Vivek Ramaswamy slammed Ukrainian President Volodymyr Zelenskyy in blistering remarks at Wednesday’s Republican presidential debate, making a Nazi reference and calling Zelenskyy a “comedian in cargo pants.”
During an exchange about whether he would support sending additional support to Ukraine, Ramaswamy, an aggressive critic of U.S. aid in the war between Ukraine and Russia, said he was “absolutely unpersuaded” by Zelenskyy’s calls for more help, before he launched into a sharply worded broadside against Zelenskyy and his government.
“Ukraine is not a paragon of democracy,” Ramaswamy said. “It has threatened not to hold elections this year unless the U.S. forks over more money. That is not democratic.”
“It has celebrated a Nazi in its ranks, the comedian in cargo pants, the man called Zelenskyy, doing it in their own ranks” Ramaswamy continued. “That is not democratic.”
Vivek Ramaswamy during the third Republican presidential primary debate at the Adrienne Arsht Center for the Performing Arts in Miami, on Wednesday, Nov. 8, 2023. Shuran Huang for NBC News Campaign spokesperson Tricia McLaughlin told NBC News that Ramaswamy had not called Zelenskyy a “Nazi” and that his remarks were in reference to an incident in September in Canada, when the country’s parliament held a celebration of a Ukrainian Canadian veteran who was later discovered to have served in a Nazi-aligned military unit.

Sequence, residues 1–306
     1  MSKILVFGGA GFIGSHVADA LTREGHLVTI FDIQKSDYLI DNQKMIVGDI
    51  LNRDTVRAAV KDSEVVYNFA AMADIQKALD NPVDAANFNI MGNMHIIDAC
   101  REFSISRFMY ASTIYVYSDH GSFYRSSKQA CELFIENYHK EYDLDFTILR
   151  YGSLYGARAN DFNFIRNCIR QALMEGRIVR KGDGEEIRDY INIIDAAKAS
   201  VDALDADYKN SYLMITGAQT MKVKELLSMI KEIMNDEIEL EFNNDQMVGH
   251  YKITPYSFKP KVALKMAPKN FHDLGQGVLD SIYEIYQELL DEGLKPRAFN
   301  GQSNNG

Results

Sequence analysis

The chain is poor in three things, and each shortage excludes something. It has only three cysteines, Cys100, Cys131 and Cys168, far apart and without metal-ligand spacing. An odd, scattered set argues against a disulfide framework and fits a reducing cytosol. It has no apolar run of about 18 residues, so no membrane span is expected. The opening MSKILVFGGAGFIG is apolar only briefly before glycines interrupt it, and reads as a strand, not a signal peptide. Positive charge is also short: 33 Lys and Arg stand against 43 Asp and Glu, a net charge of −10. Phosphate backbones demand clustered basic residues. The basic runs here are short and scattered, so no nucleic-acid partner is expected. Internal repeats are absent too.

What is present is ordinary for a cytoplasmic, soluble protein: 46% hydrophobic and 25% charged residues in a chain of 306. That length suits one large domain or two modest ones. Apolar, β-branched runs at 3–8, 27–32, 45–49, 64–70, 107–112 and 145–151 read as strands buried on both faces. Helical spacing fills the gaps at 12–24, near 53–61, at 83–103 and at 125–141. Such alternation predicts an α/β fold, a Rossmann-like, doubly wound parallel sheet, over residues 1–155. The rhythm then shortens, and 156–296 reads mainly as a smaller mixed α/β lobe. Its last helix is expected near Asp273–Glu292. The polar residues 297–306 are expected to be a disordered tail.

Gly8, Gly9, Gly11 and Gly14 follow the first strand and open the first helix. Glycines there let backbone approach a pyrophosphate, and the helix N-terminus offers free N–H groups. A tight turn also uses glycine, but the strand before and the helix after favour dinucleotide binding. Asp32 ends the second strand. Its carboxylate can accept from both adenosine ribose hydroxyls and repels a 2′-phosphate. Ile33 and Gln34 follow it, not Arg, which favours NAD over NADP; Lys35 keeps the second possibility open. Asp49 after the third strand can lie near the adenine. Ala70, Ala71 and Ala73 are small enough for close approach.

Zelenskyy was at the celebration, which happened before the revelation, and he joined in a standing ovation honoring the man. McLaughlin said Ramaswamy had been referring to Zelenskyy’s participation in the celebration.
“Vivek makes controversial assertions all the time,” McLaughlin said. “This one is just not true.”
A moment earlier, Ramaswamy touted his own position against helping Ukraine in its war, saying he was “actually enjoying watching the Ukraine hawks quietly, delicately tiptoe back from their position as this thing has unwound into a disaster.”
Ramaswamy has been a staunch critic of U.S. involvement in the war in Ukraine, and he spoke about it more Wednesday night as the debate focused heavily on foreign policy.
Zelenskyy, who is Jewish, has said his great-grandparents were killed when the Nazis set their village on fire during World War II.
Adam Edelman is a political reporter for NBC News.